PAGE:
Legend: Brain regions by Brodmann Area (BA) associated with better performance on measures of intelligence and reasoning. Numbers represent BAs; solid blue circles = predominant left hemisphere associations; shadow blue circle = predominant left medial associations; shadow red circles = predominant bilateral associations; yellow arrow = arcuate fasciculus.

Wednesday, November 15, 2006

Gender and sexual orientation regulate the effect of invisible images.

As we are contantly bombarded with vast amounts of information, selective attention mechanisms help us quickly attend to what is important while ignoring what is irrelevant. It makes ecological and evolutionary sense if important events can influence our spatial attention even before we become aware of the event. Recent studies have shown that subliminal presentation of emotional stimuli can modulate activity of the amygdala. Jiang et al ask whether activation of the emotional system directs observers' attention to the stimulus in the absence of awareness.

They show that information that has not entered our consciousness, such as interocularly suppressed (invisible) erotic pictures, can direct the distribution of spatial attention. They further show that invisible erotic information can either attract or repel observers' spatial attention depending on their gender and sexual orientation. While unaware of the suppressed pictures, heterosexual males' attention was attracted to invisible female nudes, heterosexual females' attention was attracted to invisible male nudes, gay males behaved similarly to heterosexual females, and gay/bisexual females performed in-between heterosexual males and females.

Here is their description of how information is presented so that it does not enter consciousness. "In the interocular suppression paradigm, a pair of high-contrast dynamic noise patches are presented to both sides of a fixation point in one eye, and a test picture and its scrambled control are presented to the fellow eye in spatial locations corresponding to the noise patches. Because of strong interocular suppression, the intact meaningful image and its scrambled control remain invisible for the period they are presented. If the suppressed images exert a location-specific effect on the attentional system, these images could potentially act as attentional cues that would influence the distribution of spatial attention and thus performance on a subsequent detection task."

(click on image to enlarge it)
Figure: Schematic representation of the experimental paradigm for the invisible condition. For the visible condition, the noise patches were replaced with the same pair of intact and scrambled pictures presented to the other eye. In each trial, observers pressed one of two buttons to indicate the perceived orientation (CW or CCW) of a Gabor patch (the circle with lines in the right frame) briefly presented on either side of fixation. In the invisible condition, as shown, if observers detected any difference between the two sides of the fixation, they pressed another button to abort that trial.

Heterosexual male observers were more accurate at the orientation discrimination task when the Gabor targets followed the site of the invisible nude female pictures (attentional benefit) and were less accurate when the Gabor patches were at the site of invisible nude male pictures (attentional cost). Thus, heterosexual male observers' attention was attracted to nude female images and was repelled from nude male images, even though the images were not consciously perceived by the observers. Similarly, heterosexual female participants showed an attentional benefit (attraction) to invisible nude male pictures (positive attentional effect, although they did not show a significant attentional effect to invisible nude female pictures. Gay males had a similar pattern to female participants in that invisible female nude pictures did not attract their attention while male erotic images enhanced performance. Gay/bisexual females fell in-between the heterosexual male group and the heterosexual female group.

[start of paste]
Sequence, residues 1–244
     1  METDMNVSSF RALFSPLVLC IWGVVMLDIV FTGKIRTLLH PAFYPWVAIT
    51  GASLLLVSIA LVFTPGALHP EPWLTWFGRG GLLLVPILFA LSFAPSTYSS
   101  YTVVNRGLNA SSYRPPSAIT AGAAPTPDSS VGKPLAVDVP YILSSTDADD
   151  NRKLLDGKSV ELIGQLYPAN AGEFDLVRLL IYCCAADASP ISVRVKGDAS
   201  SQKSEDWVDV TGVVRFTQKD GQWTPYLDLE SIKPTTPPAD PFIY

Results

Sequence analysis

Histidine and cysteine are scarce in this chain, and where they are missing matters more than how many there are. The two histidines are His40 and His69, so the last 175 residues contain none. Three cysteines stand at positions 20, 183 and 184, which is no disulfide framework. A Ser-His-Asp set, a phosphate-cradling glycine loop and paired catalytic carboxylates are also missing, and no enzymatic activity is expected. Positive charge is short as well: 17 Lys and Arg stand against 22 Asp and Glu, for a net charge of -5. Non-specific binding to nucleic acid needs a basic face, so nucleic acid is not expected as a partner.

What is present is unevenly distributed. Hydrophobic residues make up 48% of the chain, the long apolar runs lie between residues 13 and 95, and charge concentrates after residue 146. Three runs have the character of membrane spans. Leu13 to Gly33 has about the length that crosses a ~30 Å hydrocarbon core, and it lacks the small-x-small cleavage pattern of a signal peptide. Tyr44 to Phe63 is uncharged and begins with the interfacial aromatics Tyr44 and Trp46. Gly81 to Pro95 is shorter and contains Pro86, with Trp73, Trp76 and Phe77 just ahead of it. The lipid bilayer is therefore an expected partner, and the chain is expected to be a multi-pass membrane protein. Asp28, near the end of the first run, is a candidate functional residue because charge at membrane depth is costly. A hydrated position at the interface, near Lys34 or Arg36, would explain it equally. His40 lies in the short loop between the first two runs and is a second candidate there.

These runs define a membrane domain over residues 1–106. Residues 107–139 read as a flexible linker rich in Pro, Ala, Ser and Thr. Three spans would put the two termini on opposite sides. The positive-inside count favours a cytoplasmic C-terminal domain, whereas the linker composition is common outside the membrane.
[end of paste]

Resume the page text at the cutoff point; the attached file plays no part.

Tuesday, November 14, 2006

Mind over Matter: how depression causes bone loss through nerve activation.

The chronic activation of the arousal part of our autonomic nervous system (the sympathetic nervous system) that can occur during stress has been shown to cause an array of degenerative effects. Yirmiya et al, using a mouse model system, now link this system to the low bone mass and increased incidence of osteoporotic fractures associated with major depression. They show that mice subjected to chronic mild stress (CMS) show behavioral depression and impaired bone mass and structure. Antidepressant therapy, which prevents the behavioral responses to CMS, completely inhibits the decrease in bone formation and markedly attenuates the CMS-induced bone loss. The depression-triggered bone loss is associated with a substantial increase in bone norepinephrine levels and can be blocked by the beta-adrenergic antagonist propranolol, suggesting that the sympathetic nervous system mediates the skeletal effects of stress-induced depression. These results demonstrate an interaction among behavioral responses, the brain, and the skeleton, which leads to impaired bone structure. This suggests that depression is a potential major risk factor for osteoporosis in the aging population.

Monday, November 13, 2006

Imaging the brain during "speaking in tongues"

The charismatic practice of speaking with the full conviction that God is talking through you has ancient roots in many religious traditions, notably the Old and New Testaments. Its technical term is glossolalia. It is experienced as a normal and expected behavior in religious prayer groups in which the individual appears to be speaking in an incomprehensible language.